Colorado State University Pueblo mourns the loss of beloved ThunderWolves mascot, Tundra. Tundra was a greyhound, husky mix but if you ask any CSU Pueblo alum, faculty, staff, student or community member she was a full blooded ThunderWolf.
Carol Rickman, A’83, biology, and husband Mark are known as Team Tundra on the CSU Pueblo campus and fondly called “Tundra’s parents.” Tundra was a rescue dog of the Rickmans from Colorado Springs All Breed Rescue.
“Team Tundra feels especially blessed with all of the love received over the years from our Pack Family.”Carol Rickman, A’83, biology, and husband Mark
Tundra became CSU Pueblo’s mascot in 2008 and epitomized the legendary animal which was envisioned in CSU Pueblo’s legend of a ThunderWolf, “a regal and majestic animal [that] evolved into the wisest and strongest of all.”
Tundra never missed a home football game during her tenure with the ThunderWolves. After each home football game, Tundra’s traditional post-game treat included a cheeseburger. She also never turned down a treat from a friend or Pack fan.
The beloved mascot gained national attention during the CSU Pueblo Football team’s playoff run in 2014, when #FreeTundra became a trending hashtag due to the NCAA regulations restricting live mascots on the field during post-season competition. She was, however, known to watch many Pack Athletics events via live-stream when unable to join team on the road for competition.
Team Tundra was part of the fabric of CSU Pueblo, attending at least one home event for each sport with Pack Athletics, student orientation, Discover Downtown, commencement and countless other events. Tundra could be seen on campus during midterms and finals weeks as she was a therapy dog and no one could turn down a chance to pet the campus mascot.
Tundra taught the CSU Pueblo ThunderWolf howl to thousands over the years. Tundra’s ability to howl on command with the ThunderWolf hand signal, brought joy to everyone.
“Tundra connected our campus to the community in a very important way. To young children, she was CSU Pueblo. She was our ambassador. She walked the campus and engaged others in a very regal and majestic manner and always lifted our students.”Timothy Mottet, CSU Pueblo President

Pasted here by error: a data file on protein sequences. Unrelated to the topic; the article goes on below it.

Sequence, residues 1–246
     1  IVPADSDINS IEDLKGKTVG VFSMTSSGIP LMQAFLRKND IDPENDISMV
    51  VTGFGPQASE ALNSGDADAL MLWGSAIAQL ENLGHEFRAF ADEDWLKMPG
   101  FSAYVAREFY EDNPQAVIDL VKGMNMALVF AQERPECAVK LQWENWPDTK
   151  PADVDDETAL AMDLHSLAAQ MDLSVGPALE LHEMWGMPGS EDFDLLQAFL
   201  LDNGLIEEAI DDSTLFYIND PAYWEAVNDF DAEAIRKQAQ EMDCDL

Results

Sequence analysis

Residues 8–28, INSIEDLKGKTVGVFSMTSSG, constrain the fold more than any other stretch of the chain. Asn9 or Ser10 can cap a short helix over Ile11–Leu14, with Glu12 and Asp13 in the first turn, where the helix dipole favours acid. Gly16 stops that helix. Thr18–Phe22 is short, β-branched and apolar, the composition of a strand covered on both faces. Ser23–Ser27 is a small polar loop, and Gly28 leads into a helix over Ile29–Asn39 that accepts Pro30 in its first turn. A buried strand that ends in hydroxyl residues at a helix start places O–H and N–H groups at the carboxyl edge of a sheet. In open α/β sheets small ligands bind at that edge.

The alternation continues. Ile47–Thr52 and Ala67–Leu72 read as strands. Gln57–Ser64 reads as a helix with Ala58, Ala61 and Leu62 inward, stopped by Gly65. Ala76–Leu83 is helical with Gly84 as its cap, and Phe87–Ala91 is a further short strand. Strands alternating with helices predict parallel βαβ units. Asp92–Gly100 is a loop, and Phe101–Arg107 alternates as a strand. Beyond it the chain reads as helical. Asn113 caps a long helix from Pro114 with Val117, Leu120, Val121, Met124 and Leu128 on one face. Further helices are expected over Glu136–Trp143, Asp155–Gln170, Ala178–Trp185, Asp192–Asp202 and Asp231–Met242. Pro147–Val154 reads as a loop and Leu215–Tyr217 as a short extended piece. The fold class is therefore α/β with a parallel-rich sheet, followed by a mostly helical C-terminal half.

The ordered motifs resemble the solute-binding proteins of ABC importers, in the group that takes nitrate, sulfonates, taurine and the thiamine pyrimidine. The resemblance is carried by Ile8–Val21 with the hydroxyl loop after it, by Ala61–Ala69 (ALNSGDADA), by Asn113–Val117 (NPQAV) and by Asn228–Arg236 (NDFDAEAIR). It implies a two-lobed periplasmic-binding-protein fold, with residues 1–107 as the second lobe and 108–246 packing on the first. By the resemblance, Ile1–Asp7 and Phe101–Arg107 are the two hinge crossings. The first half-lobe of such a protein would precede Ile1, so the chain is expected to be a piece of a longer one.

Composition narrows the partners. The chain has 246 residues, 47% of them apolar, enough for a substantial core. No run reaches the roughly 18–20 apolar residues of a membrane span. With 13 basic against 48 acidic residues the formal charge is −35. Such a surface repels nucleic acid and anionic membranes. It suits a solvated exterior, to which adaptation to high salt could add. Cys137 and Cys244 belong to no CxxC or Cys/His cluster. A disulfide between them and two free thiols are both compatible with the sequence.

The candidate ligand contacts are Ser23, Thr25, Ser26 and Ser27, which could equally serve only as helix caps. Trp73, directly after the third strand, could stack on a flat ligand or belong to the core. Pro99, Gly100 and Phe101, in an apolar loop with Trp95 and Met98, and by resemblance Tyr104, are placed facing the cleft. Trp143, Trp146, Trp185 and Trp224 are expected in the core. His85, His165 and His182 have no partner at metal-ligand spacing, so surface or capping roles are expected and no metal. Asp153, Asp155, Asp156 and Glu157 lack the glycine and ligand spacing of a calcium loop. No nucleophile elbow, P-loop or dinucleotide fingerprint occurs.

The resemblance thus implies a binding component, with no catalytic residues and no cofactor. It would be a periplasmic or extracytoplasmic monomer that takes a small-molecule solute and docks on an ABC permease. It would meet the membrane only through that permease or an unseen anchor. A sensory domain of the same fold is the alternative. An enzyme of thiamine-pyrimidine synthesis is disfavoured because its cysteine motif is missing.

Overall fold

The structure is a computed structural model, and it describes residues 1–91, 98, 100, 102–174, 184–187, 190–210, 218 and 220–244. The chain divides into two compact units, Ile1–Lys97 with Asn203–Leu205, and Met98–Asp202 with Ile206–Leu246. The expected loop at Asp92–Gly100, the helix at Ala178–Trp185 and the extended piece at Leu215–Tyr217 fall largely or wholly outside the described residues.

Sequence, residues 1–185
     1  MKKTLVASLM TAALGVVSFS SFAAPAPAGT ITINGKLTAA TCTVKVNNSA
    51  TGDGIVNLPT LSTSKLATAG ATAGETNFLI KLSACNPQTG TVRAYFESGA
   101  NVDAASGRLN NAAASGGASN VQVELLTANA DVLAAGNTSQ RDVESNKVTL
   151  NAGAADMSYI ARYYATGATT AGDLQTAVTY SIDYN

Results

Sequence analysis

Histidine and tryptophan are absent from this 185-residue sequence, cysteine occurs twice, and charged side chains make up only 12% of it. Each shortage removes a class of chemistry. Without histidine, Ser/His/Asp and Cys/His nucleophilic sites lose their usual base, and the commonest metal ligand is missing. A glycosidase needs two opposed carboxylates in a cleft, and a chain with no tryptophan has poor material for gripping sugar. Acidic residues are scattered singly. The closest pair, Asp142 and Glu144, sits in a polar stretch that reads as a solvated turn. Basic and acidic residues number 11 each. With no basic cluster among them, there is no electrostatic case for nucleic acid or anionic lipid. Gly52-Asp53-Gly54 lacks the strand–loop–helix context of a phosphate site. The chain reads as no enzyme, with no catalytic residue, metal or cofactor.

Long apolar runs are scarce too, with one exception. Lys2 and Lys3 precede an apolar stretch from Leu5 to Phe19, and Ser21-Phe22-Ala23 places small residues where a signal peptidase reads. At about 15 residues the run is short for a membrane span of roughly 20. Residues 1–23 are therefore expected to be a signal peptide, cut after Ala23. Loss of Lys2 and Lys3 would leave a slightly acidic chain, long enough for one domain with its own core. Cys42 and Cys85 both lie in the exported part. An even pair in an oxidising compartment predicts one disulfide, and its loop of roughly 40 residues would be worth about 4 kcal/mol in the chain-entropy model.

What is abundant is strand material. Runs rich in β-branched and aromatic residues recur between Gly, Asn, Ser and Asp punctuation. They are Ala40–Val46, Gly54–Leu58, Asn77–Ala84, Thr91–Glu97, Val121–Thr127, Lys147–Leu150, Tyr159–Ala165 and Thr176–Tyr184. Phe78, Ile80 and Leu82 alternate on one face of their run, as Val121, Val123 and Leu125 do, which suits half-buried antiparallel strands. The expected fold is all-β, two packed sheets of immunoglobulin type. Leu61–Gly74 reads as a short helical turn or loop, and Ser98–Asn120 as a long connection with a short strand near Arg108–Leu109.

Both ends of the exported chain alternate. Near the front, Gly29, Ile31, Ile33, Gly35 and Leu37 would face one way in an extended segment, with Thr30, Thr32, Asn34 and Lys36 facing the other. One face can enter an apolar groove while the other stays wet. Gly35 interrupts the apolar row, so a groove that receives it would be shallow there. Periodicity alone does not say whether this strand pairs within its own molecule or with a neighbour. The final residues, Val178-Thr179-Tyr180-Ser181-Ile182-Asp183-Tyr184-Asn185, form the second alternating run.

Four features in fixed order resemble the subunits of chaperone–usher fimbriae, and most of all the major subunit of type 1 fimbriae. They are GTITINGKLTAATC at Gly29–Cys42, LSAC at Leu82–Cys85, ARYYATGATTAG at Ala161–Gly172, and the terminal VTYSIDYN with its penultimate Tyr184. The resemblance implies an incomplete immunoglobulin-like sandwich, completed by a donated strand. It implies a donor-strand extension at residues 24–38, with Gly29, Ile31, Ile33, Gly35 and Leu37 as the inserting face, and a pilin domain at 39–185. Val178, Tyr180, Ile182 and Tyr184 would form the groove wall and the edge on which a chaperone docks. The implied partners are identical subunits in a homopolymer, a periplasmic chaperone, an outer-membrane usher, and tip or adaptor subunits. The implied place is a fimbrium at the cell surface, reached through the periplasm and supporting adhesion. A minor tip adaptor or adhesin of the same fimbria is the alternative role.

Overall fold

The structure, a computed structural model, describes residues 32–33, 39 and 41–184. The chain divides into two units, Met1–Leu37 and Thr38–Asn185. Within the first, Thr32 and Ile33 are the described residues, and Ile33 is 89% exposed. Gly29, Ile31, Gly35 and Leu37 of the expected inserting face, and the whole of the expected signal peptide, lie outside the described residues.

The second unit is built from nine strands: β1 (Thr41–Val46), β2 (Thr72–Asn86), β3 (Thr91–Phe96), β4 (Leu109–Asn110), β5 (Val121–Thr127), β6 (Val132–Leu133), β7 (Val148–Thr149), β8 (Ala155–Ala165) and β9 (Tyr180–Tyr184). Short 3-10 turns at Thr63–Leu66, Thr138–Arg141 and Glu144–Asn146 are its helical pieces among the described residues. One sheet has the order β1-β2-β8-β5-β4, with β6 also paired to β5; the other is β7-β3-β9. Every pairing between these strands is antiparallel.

February of 2020, Tundra was honored as Animal Hero with the American Red Cross of Southeastern Colorado. She was recognized for her work as a life-enhancing therapy dog as well as her official ThunderWolves mascot title.
Team Tundra was recognized at the 2016 President’s Gala for distinguished service to the university. Tundra also had a statue dedicated on May 1, 2017 to celebrate her birthday. Her statue is located on CSU Pueblo’s campus in between Massari Arena and the Occhiato Student Center.
“We are going to miss Tundra’s presence on our campus,” said Mottet. “Her loyalty, humility, gentle and inquisitive personality reflects what it means to be a Thunderwolf. She made our campus extra special. She loved all people and all people loved her. She inspired our students in a way that I have never seen before.”
In addition to Team Tundra’s Mark and Carol Rickman, Tundra is survived by her brother Sam, a mixed breed and well-loved dog of the Rickman family.
“When you remember me don’t do so in a moment of silence, but howl loud and proud!”Tundra, ThunderWolves Mascot
Team Tundra has established a scholarship in Tundra’s honor, “Tundra – The Spirit of the Pack” Scholarship. Individuals are able to contribute to the scholarship through the CSU Pueblo Foundation. For more information about the scholarship and donations please contact Sandy Lundahl, Director of Foundation Scholarships, at 719-549-2965 or firstname.lastname@example.org.